Format: Cinema

Screening date: 7 July 2012

Venues: Rio, London

Release date: 20 July 2012

Venues: Key cities

Distributor: Cornerhouse

Director: Andrew Kötting

UK 2012

93 mins

Perfectly timed for the arrival of the Olympics, an event even the most hardened Londoners are sick to the back teeth of before it has even begun, this collaboration between artist, filmmaker and restless rambler Andrew Kötting and writer, cultural investigator and psychogeographer Iain Sinclair is a match made in heaven. Kindred spirits who both share a physical and spiritual attachment with the South Coast, the pair first met when Sinclair reviewed Kí¶tting’s Gallivant for Sight & Sound and then maintained a correspondence before collaborating, tentatively, on the filmmaker’s cross-channel Offshore.

In many ways a summation of the themes and practices that have acted as signposts in their respective careers, the film, commissioned as part of Abandon Normal Devices, is a travelogue-cum-odyssey of suitably Olympian ambition as the two fearless explorers and a stolen plastic swan pedalo christened ‘Edith’ (named after the ancient English queen Edith Swan-Neck, whose statue can be seen at the Hastings suburb of Bulverhythe, cradling the dying King Harold after the Battle of Hastings) travel Jerome K. Jerome-style on the waterways of south-east England to the riverside fortress that will become East London’s Olympic 2012 site.

Having aborted several attempts to pen a synopsis, here is the filmmaker himself on the kernel of Swandown: ‘For four weeks throughout the months of September and October 2011 Andrew Kötting and Iain Sinclair pedalled a plastic swan over 160 miles from the seaside in Hastings to Hackney in East London. They drank 84 litres of water, 2 bottles of whisky, 4 bottles of wine and 24 cans of special brew. They got through 8 pairs of sunglasses, a handmade suit, a pair of walking boots and a camper van. Andrew Kötting wore the same clothes throughout. Iain Sinclair was changed regularly. They met all sorts en route, from the hoi polloi to the hoity toity, from the very old to the very young, with the pedalo acting as catalyst and magnet. Sometimes they were accompanied by invited guest pedallers - sage and comics creator Alan Moore, comedian and cultural commentator Stewart Lee, actor Dudley Sutton [who appeared in Kötting’s Emile Zola-inspired second feature This Filthy Earth], neuroscientist Dr Mark Lythgoe and artist Marcia Farquhar.’

A liquid road movie evocative of Gallivant, which Swandown frequently echoes, it also conjures the ghost of Herzog’s Aguirre: The Wrath of God and Fitzcarraldo, playfully referenced via audio excerpts of Les Blank’s Burden of Dreams. Shots of the two self-confessed ‘codgers’ strenuously dragging their vessel across fields and roads to the next stretch of water add to the Herzogian tone. Joseph Conrad’s Heart of Darkness is another frame of reference. I was also, if a little perversely, reminded of John Huston’s The African Queen. For its creator, the endeavour also acts as a tribute to the acclaimed performer, traveller and conceptual artist Bas Jan Ader, who in 1975 was lost at sea attempting to cross the Atlantic in a pocket cruiser. ‘Swandown was always meant to be a homage to him and the ridiculousness of his quest,’ comments Kötting.

Jovially described by Sinclair as ‘a blend of Benny Hill, Stan Brakhage and Joseph Beuys’, Kötting adopts the role of athlete, fool and visionary, larking about and cheerfully interacting with the flotsam and jetsam of British life. He is both Stan Laurel and Oliver Hardy. The director suffers for his art, contracting trench foot from his waterlogged boots and a nasty leg infection from a dog encountered en route. Sinclair is cast in the role of the cynical, weary, literary, philosophising wordsmith. Will Self in Shooting Stars in essence. The blend is perfect.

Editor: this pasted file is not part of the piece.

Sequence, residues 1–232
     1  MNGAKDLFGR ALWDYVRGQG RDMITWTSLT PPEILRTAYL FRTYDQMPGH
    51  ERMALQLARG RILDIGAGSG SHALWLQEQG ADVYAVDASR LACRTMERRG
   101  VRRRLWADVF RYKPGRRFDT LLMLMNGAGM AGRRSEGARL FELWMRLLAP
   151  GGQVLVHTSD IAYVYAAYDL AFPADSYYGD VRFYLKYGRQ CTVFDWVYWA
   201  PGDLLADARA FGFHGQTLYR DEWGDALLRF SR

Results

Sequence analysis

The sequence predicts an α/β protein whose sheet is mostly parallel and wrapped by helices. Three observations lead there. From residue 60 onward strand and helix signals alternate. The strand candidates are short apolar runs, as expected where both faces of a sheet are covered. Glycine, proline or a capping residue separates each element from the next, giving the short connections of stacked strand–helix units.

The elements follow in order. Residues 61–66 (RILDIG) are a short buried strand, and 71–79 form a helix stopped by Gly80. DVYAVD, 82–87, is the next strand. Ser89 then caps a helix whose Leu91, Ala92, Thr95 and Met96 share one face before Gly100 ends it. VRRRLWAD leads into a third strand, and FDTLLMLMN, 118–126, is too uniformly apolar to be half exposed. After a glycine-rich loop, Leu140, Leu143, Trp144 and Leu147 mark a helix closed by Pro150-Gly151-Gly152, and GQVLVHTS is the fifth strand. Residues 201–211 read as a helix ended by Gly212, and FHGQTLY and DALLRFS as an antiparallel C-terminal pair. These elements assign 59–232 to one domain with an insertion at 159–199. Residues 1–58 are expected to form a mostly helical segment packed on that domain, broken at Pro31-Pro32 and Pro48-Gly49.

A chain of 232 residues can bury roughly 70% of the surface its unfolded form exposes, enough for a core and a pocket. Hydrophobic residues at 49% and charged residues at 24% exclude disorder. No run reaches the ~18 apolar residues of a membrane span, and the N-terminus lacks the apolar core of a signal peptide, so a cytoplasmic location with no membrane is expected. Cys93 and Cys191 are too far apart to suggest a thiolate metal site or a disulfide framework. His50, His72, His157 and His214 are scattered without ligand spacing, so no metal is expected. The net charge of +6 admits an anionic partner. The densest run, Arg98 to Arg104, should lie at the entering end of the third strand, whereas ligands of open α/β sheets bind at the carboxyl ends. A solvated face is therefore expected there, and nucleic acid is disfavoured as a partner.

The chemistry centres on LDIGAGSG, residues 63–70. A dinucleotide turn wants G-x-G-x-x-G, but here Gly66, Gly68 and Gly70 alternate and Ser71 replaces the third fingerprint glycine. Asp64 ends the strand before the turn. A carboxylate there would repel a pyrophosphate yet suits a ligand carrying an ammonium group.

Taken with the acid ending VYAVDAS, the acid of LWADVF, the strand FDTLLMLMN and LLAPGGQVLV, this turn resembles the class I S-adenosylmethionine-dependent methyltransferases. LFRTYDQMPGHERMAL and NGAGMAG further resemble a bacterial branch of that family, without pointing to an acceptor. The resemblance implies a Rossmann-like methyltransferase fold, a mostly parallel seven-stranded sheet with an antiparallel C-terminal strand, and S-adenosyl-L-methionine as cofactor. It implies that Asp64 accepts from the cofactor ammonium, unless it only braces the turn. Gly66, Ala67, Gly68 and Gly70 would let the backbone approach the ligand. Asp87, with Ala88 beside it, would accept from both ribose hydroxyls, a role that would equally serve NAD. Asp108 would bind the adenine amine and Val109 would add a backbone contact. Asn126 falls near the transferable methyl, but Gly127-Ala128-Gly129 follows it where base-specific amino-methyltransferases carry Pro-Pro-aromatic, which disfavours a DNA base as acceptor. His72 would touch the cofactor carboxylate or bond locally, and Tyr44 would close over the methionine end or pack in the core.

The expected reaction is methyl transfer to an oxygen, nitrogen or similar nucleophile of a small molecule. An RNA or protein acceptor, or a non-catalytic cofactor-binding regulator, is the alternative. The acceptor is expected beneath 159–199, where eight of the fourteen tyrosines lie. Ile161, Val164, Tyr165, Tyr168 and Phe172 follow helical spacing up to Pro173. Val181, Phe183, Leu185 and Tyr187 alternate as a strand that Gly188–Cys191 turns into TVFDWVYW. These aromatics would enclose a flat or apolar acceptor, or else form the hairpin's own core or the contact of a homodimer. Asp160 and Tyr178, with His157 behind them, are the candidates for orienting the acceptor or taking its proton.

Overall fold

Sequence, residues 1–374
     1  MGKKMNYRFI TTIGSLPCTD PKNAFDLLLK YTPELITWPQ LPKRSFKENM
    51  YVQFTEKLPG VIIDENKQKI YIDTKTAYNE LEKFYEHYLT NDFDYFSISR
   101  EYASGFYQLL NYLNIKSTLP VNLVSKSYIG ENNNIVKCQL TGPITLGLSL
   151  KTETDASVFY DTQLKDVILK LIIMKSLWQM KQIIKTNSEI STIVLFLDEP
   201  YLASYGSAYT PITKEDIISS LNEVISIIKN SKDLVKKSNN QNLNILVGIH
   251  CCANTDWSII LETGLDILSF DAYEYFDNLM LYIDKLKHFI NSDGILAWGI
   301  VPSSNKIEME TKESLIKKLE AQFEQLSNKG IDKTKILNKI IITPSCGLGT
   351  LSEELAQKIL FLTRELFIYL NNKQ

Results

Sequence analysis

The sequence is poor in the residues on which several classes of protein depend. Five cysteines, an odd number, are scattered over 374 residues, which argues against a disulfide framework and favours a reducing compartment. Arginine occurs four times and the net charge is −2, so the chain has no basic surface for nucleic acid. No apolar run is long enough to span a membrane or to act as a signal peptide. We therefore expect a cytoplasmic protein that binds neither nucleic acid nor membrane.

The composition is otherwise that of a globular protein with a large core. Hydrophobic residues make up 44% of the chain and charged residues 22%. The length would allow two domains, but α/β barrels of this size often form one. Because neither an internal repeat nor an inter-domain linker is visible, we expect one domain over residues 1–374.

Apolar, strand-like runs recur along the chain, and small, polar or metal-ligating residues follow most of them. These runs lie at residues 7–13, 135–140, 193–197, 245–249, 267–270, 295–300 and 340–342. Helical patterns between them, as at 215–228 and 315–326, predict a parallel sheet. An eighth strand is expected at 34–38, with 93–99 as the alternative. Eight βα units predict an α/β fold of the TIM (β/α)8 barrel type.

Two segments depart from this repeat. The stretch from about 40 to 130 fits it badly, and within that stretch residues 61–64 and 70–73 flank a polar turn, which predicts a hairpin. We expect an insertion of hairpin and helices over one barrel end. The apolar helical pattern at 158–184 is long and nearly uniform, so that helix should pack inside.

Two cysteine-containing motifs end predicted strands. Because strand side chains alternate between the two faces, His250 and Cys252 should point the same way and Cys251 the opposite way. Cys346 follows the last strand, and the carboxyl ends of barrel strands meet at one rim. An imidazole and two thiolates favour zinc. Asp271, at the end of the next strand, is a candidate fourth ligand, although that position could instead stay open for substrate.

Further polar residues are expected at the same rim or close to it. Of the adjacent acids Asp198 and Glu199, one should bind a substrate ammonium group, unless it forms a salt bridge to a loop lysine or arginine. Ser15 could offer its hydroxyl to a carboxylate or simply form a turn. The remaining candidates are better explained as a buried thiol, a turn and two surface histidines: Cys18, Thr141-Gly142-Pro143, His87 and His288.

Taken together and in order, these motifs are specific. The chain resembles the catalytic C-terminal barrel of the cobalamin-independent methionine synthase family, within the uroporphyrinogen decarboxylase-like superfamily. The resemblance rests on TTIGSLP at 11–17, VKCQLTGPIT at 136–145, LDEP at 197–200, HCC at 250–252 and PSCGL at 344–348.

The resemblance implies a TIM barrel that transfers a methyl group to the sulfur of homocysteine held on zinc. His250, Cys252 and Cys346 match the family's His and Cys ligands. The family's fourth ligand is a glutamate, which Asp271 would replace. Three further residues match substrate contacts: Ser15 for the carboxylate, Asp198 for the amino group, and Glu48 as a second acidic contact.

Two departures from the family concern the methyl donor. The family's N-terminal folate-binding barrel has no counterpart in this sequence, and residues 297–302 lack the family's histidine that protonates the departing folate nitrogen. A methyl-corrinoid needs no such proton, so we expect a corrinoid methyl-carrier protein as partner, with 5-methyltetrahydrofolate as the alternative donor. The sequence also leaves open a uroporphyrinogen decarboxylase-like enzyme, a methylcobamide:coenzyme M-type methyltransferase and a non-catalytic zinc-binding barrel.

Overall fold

During their journey our intrepid, increasingly stiff-legged Marco Polos listen to the ambient echoes of British culture (historical, literary, political and depicted through Super 8 and archive newsreel footage from the South East Film and Video archive as well as a re-enactment of Shakespeare’s Ophelia as depicted in Millais’s pre-Raphaelite painting) and tune in - like ‘flesh radios’, as Sinclair says, channelling the cultural unconscious - to the secret voices of England today and yesterday. The result is a factual, frolicsome and fun film/text/Dada performance piece that offers an artistically riotous response to the corporate spirit dominating London in Olympics year. As Stewart Lee comments, ‘Iain Sinclair hates the Olympics. He doesn’t think anything should happen in Hackney without his permission’.

The two key points on the Swandown itinerary are its start and end: Hastings (from where ‘Edith’ originates and the actual physical launch point of the trip, a disastrous and inauspicious event hilariously captured on camera) and Hackney, homes to Kötting and Sinclair respectively. ‘The two geographies are intimately connected,’ says Sinclair - ever since a chunk of Hackney’s old artistic-bohemian population moved down to the South Coast, in search of freedom, inspiration and an affordable cost of living. ‘The old Hackney of anarchy and poverty has drifted down towards Hastings, whereas Hackney is now a virtual Wizard of Oz city of supermalls and surveillance. We had the idea of doing an anti-project, against the global corporate entities of the huge projects being done in Hackney in the name of the Olympics.’

Sadly, Sinclair’s commitments force him to abort the voyage before the Olympian Citadel is breached, leaving Kötting to pedal the final leg of the journey alone. The tone of the film becomes ever more melancholy as rural idyll gives way to urbanisation (a river littered with rubbish, frequent shouts of abuse rather than encouragement from passers-by and fellow river-dwellers) and a sporting project ensnared in bureaucracy, security and secrecy. The somewhat downbeat conclusion, however, never for a moment overshadows the project’s impish inquisitiveness and quintessential Englishness. Featuring many of Andrew Kötting’s long-time collaborators, including musician Jem Finer, cinematographer Nick Gordon-Smith and sound recordist Philippe Ciompi, this is an enduring and entertaining male buddy movie the likes of which we haven’t seen before.

The East End Film Festival opens on 3 July and runs until 8 July 2012. For more information please visit the East End Film Festival website. Swandown screens on 7 July at the Rio (London) and is released in the UK on 20 July by Cornerhouse.

Jason Wood